Researchers at the University of Colorado Boulder found that the fatty 10(Z)-hexadecenoic acid from the soil-residing bacterium Mycobacterium vaccae aids immune cells in blocking pathways that increase inflammation and the ability to combat stress.

The study's senior author and Integrative Physiology Professor Christopher Lowry described this fat as "one of the main ingredients" in the "special sauce" that causes the beneficial effects of the bacterium.

The finding goes hand in hand with the "hygiene hypothesis," initially proposed in 1989 by the British scientist David Strachan. He maintained that our generally sterile modern world prevents children from being exposed to certain microorganisms, resulting in compromised immune systems and greater incidences of asthma and allergies.

Contemporary research fine-tuned the hypothesis, finding that not interacting with so-called "old friends" or helpful microbes in the soil and the environment, rather than the ones that cause illnesses, is what's detrimental. In particular, our mental health could be at stake.

"The idea is that as humans have moved away from farms and an agricultural or hunter-gatherer existence into cities, we have lost contact with organisms that served to regulate our immune system and suppress inappropriate inflammation," explained Lowry. "That has put us at higher risk for inflammatory disease and stress-related psychiatric disorders."

University of Colorado Boulder

Christopher Lowry

This is not the first study on the subject from Lowry, who published previous work showing the connection between being exposed to healthy bacteria and mental health. He found that being raised with animals and dust in a rural environment helps children develop more stress-proof immune systems. Such kids were also likely to be less at risk for mental illnesses than people living in the city without pets.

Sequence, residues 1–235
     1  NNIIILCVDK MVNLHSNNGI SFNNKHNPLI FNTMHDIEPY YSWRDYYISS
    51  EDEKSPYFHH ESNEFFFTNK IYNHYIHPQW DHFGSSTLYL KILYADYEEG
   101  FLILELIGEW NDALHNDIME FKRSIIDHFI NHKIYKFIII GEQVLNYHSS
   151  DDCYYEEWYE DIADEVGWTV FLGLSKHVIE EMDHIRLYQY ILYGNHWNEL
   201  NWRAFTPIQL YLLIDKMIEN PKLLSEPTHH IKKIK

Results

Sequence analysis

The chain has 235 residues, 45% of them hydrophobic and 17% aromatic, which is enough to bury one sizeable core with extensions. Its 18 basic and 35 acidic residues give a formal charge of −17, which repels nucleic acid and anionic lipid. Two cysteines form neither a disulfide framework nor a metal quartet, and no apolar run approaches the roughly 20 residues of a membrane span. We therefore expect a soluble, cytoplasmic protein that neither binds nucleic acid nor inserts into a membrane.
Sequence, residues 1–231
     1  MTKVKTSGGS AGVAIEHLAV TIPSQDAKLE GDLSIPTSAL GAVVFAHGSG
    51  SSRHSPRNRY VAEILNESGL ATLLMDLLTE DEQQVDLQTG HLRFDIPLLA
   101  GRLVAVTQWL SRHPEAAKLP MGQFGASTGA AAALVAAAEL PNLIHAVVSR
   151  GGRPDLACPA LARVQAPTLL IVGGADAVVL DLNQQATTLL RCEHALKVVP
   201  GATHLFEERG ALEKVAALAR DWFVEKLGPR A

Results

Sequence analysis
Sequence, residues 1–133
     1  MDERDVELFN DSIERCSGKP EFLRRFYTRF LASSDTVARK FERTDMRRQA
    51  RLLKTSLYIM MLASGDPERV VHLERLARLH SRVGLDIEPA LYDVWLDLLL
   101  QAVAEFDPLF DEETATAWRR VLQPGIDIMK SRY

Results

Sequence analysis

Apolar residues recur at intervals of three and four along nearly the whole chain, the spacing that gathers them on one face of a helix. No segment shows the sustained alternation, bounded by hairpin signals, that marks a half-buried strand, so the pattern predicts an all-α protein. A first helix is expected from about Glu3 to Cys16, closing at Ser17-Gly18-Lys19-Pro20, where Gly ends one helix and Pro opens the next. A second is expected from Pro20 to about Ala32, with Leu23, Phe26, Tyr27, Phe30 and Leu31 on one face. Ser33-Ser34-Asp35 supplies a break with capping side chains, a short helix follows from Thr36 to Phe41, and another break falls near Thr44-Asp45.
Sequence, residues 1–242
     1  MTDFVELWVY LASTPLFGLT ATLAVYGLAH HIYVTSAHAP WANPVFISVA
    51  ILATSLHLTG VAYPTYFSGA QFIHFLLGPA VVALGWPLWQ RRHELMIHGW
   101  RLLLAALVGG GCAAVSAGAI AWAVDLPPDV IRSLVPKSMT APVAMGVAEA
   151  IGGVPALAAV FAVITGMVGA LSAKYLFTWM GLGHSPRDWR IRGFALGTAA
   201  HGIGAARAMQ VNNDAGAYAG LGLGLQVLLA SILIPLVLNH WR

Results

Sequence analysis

Lowry's other work also pointed out that the soil-based bacterium Mycobacterium vaccae acts like an antidepressant when injected into rodents. It alters their behavior and has lasting anti-inflammatory effects on the brain, according to the press release from the University of Colorado Boulder. Prolonged inflammation can lead to such stress-related disorders as PTSD.

The new study from Lowry and his team identified why that worked by pinpointing the specific fatty acid responsible. They showed that when the 10(Z)-hexadecenoic acid gets into cells, it works like a lock, attaching itself to the peroxisome proliferator-activated receptor (PPAR). This allows it to block a number of key pathways responsible for inflammation. Pre-treating the cells with the acid (or lipid) made them withstand inflammation better.

Lowry thinks this understanding can lead to creating a "stress vaccine" that can be given to people in high-stress jobs, like first responders or soldiers. The vaccine can prevent the psychological effects of stress.

What's more, this friendly bacterium is not the only potentially helpful organism we can find in soil.

"This is just one strain of one species of one type of bacterium that is found in the soil but there are millions of other strains in soils," said Lowry. "We are just beginning to see the tip of the iceberg in terms of identifying the mechanisms through which they have evolved to keep us healthy. It should inspire awe in all of us."

Check out the study published in the journal Psychopharmacology.